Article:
clock menu more-arrow no yes mobile

Filed under:

Best Moments in Big East Tournament History: Fourth Place

In the most loaded Big East season ever, a Connecticut team with high hopes stumbled towards the end of 2011, dropping four of their last five regular season games. Kemba Walker made sure they'd never lose again.

Justin K. Aller

Fourth Place: Kemba Walker in 2011

The Connecticut Huskies had a problem. Despite winning the Maui Invitational to start the year and rising as high as 4th in the AP Poll, they were falling apart as March 2011 began. They had one of the nation's leading scorers in Kemba Walker and freshman Shabazz Napier providing excellent D, but finished their Big East schedule on a 4-7 run. Still, the voters respected them. Despite dropping to the 9th seed in the Big East Tournament, UCONN ranked 21st in the country entering the second week of March. With eleven Big East teams ultimately making the Big Dance, Connecticut didn't need a huge conference tournament to get an at-large bid, but a few wins would certainly not go amiss.

DePaul provided an easy first round matchup for the Huskies. Powered by Walker's 26 points, Connecticut sprinted out to a 17-point lead at halftime and never looked back, winning 97-71. Their second-round date with 22nd-ranked Georgetown proved just as easy. This time, Walker scored 28 and added six rebounds and three assists en route to a 79-62 victory. The Huskies held Georgetown to 23% shooting from beyond the arc, with leading scorers Austin Freeman and Jason Clark combining to go 2 of 13 from three-point range.

Next up were the top-ranked Pitt Panthers for Connecticut's third game in three days. With just one unranked team remaining in the tournament, UCONN's path beyond the quarterfinals was assuredly more difficult than their previous two contests. Freshman Panther guard Ashton Gibbs took advantage of the spotlight to outscore Walker with a career-high 27 points. However, Walker's heroics would carry the day.

Tied at 74 with ten seconds to go, Kemba left no illusion as to who would decide this game. Off of a screen at the top of the key, Walker drew the mismatch we was looking for in 6'11" center Gary McGhee. What happened next was textbook ankle-breaking. Five seconds, Walker feints right, crosses over, takes a quick dribble left (McGhee's on the floor now), step back top of the key, buckets.

Friday's semifinals (UCONN's fourth game in four days for those keeping track at home) brought a date with #11 Syracuse. Behind Walker's 29 points, the Huskies appeared to gave the game in hand with 25 seconds remaining. An Alex Oriakhi one-and-one stretched the Connecticut lead to 68-62. Oriakhi missed the second attempt, setting the scene for the Scoop Jardine show.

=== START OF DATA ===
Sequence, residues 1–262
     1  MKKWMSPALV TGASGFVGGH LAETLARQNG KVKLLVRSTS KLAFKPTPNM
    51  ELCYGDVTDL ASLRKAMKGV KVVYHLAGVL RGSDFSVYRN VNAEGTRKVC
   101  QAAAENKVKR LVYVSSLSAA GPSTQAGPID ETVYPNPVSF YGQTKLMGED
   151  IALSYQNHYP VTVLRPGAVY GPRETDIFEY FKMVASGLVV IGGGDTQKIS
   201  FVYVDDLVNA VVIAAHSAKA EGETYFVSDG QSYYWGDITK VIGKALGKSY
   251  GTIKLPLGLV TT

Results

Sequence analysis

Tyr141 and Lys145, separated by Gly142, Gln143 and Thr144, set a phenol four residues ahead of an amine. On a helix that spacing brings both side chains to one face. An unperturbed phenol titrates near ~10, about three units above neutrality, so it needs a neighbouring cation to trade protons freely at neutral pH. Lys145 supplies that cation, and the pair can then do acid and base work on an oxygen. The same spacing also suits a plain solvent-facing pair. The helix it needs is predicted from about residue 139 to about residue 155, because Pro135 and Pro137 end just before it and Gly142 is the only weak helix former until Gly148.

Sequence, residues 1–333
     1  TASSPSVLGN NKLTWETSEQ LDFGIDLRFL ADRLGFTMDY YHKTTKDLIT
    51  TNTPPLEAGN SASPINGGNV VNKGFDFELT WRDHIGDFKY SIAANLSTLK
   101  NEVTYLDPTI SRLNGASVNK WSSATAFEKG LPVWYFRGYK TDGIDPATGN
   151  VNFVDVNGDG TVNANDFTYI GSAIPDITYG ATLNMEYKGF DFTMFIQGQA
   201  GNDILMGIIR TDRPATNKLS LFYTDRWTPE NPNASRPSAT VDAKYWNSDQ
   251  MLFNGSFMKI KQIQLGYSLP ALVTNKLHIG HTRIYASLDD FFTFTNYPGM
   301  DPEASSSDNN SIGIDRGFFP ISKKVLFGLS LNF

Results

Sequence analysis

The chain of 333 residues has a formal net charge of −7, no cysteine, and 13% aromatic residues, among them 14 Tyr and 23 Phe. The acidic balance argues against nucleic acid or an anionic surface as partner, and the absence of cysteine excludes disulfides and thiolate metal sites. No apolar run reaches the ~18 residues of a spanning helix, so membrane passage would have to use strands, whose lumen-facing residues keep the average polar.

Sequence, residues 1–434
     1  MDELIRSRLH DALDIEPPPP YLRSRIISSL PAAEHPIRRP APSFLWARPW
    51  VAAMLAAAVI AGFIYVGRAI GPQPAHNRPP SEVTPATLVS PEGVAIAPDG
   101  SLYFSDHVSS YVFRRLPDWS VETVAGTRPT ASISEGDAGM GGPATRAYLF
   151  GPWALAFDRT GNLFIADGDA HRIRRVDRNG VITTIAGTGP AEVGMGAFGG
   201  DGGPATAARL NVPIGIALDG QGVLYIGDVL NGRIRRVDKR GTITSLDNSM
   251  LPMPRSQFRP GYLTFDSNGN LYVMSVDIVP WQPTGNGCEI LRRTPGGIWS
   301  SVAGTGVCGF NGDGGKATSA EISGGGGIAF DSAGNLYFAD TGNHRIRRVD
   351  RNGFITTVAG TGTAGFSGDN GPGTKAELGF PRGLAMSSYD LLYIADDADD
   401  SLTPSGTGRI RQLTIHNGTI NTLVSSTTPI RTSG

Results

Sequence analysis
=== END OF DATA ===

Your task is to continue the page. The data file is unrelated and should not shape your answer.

Jardine quickly nailed a three to cut the Husky lead in half. Shabazz Napier missed the front end of a one-and-one with a chance to put the game beyond reach. With six seconds left on the clock, Jardine drilled his second three-pointer in fifteen seconds to force overtime.

The extra period gave Walker a chance to showcase his own free throw shooting ability. Where Oriakhi and Napier had failed, Kemba made all four of his foul shots in overtime, outscoring Syracuse in the process. A couple rebounds also boostsed Walker's double-double to 33 points and 12 boards. He missed only one of his fourteen free throw attempts while playing all 45 minutes.

Walker's tired legs weighed him down a bit in the Championship Game against Louisville, UCONN's fifth in five nights. The usually sure shooter dipped below 50% from the field and racked up four fouls and five turnovers. Down one with less than a minute remaining, Walker tried to put the team on his back as he had two nights before against Pitt. This time, Louisville's defense refused to allow the iso, double-teaming Walker beyond the three-point arc. Kemba split the trap, taking it to the hole and dishing it to Jeremy Lamb for the go-ahead layup. After a Napier steal, Walker's free throws stretched the Connecticut lead to 67-64.

With 3.9 seconds remaining, Kemba nearly three it all away. Mike Marra, Louisville's inbounds passer who had thrown away the prior possession, found the ball in his hands with an open three-point attempt to tie. Walker closed out on Marra, fouling the 28% three-point shooter in the process. Marra missed the second attempt, letting Husky fans breathe a sigh of relief, and Napier sealed it with a pair of free-throws of his own.

Walker scored 19 in the title game and won the tournament's MVP award. Not done yet, he would go on to lead Connecticut to six more victories in the NCAA Tournament and the National Championship. Connecticut's 11-game winning streak to end the season would go down as one of the greatest runs in college basketball history. And it all started on five straight nights in Madison Square Garden.